Coaches, consultants and advisers combine a range of hours and accessibility for a package amount rather than a distinct fee for service by time offering. Again, this helps the client budget the expense and rest easy knowing a price. It has also been suggested that if the client is paying top dollar, they are also more likely to take heed of the advice!

It can be quite hard to convince a client of a change from pricing to value. It can also be difficult for some people with superior skills to ‘charge’ for something that takes just a few moments to complete. How many times have you heard an IT professional suggest to ‘turn off and turn on your device?’

We are also moving to a ‘subscription economy.’ There are many services now that you can only purchase via an ongoing payment. This model has been around for quite a long time (health insurance) but it is now becoming more popular – think car sharing, cloud software, online training etc.

New customer expectations

Some clients are likely to question the value when a computer program does most of the work. But the accountant still needs to know what deductions can or cannot be claimed, how to allocate the various fields and design the most useful chart of accounts and reports and advise the client on the best future strategies for the client’s circumstances. This takes a constant commitment to keeping up to date with all of the latest industry news and technology. It is a bit like the surgeon who spends 6-10 years gaining the skills to do an operation in 20 minutes.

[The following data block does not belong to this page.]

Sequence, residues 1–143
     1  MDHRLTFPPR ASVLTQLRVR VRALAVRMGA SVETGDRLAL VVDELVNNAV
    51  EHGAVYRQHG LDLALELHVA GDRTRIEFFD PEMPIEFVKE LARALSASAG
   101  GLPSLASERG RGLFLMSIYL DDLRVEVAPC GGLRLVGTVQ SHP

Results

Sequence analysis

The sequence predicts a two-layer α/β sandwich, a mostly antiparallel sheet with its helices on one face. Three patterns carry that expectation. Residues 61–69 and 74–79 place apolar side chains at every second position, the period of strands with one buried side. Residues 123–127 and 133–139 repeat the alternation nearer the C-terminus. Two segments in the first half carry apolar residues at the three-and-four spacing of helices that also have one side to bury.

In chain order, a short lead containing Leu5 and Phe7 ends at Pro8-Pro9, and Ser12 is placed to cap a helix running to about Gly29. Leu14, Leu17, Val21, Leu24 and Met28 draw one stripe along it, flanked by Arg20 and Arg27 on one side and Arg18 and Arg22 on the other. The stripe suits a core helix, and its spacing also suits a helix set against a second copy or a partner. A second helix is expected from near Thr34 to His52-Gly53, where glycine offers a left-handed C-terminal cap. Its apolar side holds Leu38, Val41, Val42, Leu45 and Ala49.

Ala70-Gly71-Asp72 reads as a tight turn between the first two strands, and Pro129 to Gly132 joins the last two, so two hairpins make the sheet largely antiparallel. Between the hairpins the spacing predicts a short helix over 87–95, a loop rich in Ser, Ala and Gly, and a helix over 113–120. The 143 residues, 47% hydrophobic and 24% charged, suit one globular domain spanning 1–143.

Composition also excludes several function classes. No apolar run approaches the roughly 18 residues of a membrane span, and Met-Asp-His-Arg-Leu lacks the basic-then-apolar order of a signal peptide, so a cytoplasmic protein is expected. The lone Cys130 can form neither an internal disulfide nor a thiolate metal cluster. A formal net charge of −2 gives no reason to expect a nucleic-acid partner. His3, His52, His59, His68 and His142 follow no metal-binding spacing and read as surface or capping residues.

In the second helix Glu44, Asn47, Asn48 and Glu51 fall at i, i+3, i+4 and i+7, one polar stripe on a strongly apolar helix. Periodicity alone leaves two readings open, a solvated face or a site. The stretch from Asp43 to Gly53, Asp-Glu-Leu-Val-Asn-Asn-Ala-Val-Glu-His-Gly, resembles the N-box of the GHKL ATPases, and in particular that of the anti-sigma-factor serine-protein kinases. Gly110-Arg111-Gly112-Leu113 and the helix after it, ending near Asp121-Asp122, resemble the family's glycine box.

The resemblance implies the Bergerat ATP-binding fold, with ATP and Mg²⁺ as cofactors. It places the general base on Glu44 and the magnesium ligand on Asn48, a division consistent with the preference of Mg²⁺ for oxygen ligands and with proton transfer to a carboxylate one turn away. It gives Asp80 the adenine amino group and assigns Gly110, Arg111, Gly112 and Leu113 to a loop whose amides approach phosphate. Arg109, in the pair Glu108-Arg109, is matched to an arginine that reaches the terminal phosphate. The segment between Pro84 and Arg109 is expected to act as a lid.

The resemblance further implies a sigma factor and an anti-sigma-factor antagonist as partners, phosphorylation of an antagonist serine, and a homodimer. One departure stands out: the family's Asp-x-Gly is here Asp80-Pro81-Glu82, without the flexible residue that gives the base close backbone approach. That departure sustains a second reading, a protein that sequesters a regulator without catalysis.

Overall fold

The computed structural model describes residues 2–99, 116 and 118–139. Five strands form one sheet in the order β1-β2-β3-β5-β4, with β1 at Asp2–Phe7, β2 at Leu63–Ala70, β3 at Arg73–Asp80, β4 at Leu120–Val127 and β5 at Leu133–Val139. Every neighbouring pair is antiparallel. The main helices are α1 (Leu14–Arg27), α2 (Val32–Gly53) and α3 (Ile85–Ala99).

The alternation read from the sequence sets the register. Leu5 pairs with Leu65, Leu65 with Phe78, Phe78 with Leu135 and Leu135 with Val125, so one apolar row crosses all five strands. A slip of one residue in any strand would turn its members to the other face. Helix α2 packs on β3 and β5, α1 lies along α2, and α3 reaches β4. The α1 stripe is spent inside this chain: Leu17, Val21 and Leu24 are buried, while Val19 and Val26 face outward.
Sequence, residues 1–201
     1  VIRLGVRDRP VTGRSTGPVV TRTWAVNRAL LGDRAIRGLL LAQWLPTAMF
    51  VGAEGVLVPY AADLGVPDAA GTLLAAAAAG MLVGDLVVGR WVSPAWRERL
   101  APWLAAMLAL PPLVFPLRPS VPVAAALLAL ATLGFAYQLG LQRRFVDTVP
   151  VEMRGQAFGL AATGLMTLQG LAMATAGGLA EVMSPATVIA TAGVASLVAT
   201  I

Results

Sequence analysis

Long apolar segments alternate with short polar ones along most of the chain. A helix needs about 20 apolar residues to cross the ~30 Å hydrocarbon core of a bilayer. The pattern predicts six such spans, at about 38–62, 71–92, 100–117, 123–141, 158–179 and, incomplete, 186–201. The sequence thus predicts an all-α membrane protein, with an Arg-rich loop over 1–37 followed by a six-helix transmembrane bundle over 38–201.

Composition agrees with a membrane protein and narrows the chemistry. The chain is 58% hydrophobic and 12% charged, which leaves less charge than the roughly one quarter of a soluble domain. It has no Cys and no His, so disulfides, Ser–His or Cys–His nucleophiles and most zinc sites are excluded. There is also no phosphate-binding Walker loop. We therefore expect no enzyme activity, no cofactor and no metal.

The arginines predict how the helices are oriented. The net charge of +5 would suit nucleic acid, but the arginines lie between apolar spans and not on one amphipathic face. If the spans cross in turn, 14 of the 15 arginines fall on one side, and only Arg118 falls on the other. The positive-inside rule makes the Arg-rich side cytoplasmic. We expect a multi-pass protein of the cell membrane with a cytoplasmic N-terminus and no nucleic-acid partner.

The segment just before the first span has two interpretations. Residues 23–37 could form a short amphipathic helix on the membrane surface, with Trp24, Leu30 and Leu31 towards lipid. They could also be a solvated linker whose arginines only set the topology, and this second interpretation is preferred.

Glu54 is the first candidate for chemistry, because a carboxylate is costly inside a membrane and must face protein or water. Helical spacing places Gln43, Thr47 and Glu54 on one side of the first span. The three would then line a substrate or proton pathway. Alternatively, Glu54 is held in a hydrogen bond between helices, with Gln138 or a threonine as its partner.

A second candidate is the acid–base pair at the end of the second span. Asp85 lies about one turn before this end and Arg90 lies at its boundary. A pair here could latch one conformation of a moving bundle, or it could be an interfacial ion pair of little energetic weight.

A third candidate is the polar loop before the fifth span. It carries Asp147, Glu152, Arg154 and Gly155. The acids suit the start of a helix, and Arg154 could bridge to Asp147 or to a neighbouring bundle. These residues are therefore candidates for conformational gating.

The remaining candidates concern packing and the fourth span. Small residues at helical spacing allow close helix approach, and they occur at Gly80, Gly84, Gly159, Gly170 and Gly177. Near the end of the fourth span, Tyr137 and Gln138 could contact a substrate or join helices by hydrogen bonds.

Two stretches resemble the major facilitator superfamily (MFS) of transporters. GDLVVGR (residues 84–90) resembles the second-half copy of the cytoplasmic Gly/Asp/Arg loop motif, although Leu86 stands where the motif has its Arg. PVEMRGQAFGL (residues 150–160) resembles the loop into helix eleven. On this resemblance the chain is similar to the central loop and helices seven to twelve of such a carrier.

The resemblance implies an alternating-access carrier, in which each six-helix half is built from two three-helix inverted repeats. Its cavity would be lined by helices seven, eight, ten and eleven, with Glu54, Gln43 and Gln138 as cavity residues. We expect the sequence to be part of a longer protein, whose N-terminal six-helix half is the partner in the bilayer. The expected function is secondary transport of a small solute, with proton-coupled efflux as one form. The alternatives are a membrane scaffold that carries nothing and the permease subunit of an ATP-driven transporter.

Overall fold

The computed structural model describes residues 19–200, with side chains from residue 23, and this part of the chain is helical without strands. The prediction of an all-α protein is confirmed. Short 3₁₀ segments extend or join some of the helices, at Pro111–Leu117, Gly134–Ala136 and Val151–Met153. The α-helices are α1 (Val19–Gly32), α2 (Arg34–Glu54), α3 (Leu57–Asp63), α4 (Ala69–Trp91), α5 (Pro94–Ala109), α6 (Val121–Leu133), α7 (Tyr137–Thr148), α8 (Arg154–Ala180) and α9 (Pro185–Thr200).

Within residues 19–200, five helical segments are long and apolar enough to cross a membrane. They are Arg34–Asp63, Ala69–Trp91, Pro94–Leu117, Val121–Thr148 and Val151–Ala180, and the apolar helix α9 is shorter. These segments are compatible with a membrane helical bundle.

New workplace expectations

The change in technology and markets has also meant that many workplaces are now expected to complete more tasks with less people. It is not uncommon to find staff numbers reduced by more than 50% after a takeover, reorganisation or ‘change management’ program. This has created a lot of stress and uncertainty.

At the same time, a number of jobs are being sent offshore (think call centres) and the remaining staff may find that they have responsibility for supervising a global workforce. The salary, package and benefits may also be adjusted. I specifically remember being paid over $1,000 per day for training services during the 1990’s and the rate has dropped to as little as $50 per hour now.

New innovations, particularly from market leaders

Likewise, there is the challenge of constantly updating products to remain a market leader. We now have banks that allow us to withdraw money from an automatic teller machine using our phone (not even a card). They can also count and process notes and cheques for immediate deposits. This is likely to further reduce the number of bank tellers in branches.